Senator ALBERT GOULD (NEW SOUTH WALES) -Colonel Sir AlbertGould. - ls that the Midland railway ?

Senator DE LARGIE - It is a line which runs to the east of, and almost parallel to, the Midland railway.

Senator Fraser - Is it not the linewhich was built by a syndicate?

Senator DE LARGIE - There is a line in the district which was constructed by a syndicate. Here is an exceptionally rich district. There is no denying that fact. Newcastle is 70 miles from Perth, and was one of the first districts in Western Australia to become settled. Land there was taken up some seventy' years ago; but much of it in the neighbourhood is in very much the same condition as it was originally. Surely, in the face of such facts, something ought to be done. That nothing will be done by the State Parliament is quite evident. Several measures have been passed which might have affected the Newcastle district, but nothing has been done with it. It is only one of many cases. Other districts are equally bad. The Western Australian Parliament has authorized the construction of railways into districts that are still almost as backward as they were in the beginning. The township of Newcastle, though situated in an extremely rich district, is today not much better than a miserable hamlet, although it ought to be the Centre of a large population.

Senator ALBERT GOULD (NEW SOUTH WALES) -Colonel Sir AlbertGould. - Are the lands there privately owned or Crown lands?

Senator DE LARGIE - They are privately owned. It is impossible to buy land within 40 or 50 miles of Newcastle now. I mention these facts to show that some of the richest lands in the country are being held up and misused. This affords ample reason for the action of the Government in bringing forward this proposal. I have a quotation with regard to another case nearer to Perth, in a district where the rainfall is all that it should be, and where the soil is excellent -

Within close proximity to Perth, and stretching along the shores of the Indian Ocean for a distance of over sixty miles, with a portion of its eastern boundary in close touch with the Bunbury railway line, and flanking also the districts of Wongong, Mundijong Mardella, Serpentine, and Pinjarra, is the Peel estate of 241^35 acres holding within its borders thousands of acres of some of the richest lands in the south-west. It is quite safe to go further, and say that it is some of the richest in Western Australia. Its ideal situation and close proximity to the markets, combined with the great productiveness under cultivation of a large portion of the area, gives it special advantages over more distant competitors.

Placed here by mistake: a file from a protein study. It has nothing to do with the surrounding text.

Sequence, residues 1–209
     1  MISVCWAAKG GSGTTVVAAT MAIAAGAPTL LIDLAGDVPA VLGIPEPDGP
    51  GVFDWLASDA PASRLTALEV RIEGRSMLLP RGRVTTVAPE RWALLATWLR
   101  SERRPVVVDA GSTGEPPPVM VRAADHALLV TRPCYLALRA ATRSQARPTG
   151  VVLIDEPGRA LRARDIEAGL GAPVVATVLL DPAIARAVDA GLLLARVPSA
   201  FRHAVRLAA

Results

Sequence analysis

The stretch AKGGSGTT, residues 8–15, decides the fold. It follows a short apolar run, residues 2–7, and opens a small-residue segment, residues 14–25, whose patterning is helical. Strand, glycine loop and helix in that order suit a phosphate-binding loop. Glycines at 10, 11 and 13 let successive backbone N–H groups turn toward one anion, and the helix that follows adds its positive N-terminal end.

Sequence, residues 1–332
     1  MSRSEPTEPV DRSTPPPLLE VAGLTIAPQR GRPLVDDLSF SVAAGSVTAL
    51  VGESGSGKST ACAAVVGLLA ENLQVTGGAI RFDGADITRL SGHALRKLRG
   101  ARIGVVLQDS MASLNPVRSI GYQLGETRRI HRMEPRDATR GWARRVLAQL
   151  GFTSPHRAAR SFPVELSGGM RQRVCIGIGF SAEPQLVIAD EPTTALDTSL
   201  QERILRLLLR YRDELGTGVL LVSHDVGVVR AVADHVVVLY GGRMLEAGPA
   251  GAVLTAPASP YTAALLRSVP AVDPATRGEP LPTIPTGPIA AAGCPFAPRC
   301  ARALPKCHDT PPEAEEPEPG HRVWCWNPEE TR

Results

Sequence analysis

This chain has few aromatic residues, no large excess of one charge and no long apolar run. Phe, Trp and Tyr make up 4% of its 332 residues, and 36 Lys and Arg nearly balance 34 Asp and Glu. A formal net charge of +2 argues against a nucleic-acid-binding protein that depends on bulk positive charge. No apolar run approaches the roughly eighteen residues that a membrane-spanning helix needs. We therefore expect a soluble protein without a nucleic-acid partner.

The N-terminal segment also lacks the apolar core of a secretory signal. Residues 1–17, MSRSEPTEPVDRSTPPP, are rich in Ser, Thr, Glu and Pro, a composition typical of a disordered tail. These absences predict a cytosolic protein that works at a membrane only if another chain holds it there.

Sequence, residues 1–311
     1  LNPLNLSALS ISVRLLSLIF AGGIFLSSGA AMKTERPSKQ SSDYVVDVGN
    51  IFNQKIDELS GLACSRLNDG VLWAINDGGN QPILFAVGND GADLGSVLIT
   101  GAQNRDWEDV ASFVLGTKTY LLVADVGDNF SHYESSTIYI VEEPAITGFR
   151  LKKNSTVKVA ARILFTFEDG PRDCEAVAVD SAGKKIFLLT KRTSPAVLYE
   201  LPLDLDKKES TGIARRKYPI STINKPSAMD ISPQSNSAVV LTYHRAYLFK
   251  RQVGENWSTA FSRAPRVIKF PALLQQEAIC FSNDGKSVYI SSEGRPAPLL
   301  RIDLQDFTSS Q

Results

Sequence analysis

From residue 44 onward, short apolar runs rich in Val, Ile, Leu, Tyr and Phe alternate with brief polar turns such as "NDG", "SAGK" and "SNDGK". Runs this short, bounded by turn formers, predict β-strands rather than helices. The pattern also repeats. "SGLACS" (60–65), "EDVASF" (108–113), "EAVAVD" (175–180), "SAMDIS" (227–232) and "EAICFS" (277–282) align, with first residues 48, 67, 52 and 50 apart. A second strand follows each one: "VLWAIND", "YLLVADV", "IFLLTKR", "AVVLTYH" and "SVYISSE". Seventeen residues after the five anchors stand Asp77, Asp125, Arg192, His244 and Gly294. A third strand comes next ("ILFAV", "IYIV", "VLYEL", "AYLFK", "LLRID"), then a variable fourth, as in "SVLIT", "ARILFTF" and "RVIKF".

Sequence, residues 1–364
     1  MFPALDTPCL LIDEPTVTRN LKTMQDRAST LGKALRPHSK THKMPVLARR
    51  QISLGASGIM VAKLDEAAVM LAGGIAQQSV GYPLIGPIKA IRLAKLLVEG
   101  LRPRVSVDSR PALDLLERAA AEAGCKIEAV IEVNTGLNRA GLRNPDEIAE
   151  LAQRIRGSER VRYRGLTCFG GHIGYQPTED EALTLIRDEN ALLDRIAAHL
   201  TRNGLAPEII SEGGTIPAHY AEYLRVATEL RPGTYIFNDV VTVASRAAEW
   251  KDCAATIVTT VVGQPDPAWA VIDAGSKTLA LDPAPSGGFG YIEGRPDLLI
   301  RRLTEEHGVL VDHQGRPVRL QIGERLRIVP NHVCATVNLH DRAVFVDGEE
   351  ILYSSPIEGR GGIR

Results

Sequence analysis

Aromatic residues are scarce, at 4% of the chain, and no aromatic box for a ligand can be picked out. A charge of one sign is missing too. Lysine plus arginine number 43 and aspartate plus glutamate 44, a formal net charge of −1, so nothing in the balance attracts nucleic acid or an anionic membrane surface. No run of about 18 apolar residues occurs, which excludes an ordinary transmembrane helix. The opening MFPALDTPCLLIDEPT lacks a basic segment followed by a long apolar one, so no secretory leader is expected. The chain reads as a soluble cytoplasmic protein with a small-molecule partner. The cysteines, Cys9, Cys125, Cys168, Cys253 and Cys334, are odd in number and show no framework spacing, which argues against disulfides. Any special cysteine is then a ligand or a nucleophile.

As soon as the Federal elections were over, a cry was raised that the Government should resume that estate for purposes of closer settlement. But I am glad to say that the measure now before us will obviate the necessity for Government resumption, and the owners will either have to pay the tax imposed by the Federal Government, or cut up their property, so that it may be purchased by people who will use the land. When we remember that the Swan River settlement was taken up quite early in the last century, and that to-day some of the largest estates exist there, I think it cannot be denied that there is a necessity for such a Bill as this. Probably this is the first time in the history of Australia that the big land grabbers have been called upon to pay to the State a reasonable amount for the luxury they have enjoyed so long. They have no Legislative Council to rely upon now, and will have to do their duty as citizens. I am satisfied that the people of Australia will welcome this legislation. I will even venture into the realm of prophesy, and say that within a few years, Australia will have benefited to so large an extent that the 13th April, 1910 will be looked back upon as one of the most glorious days in the history of our country.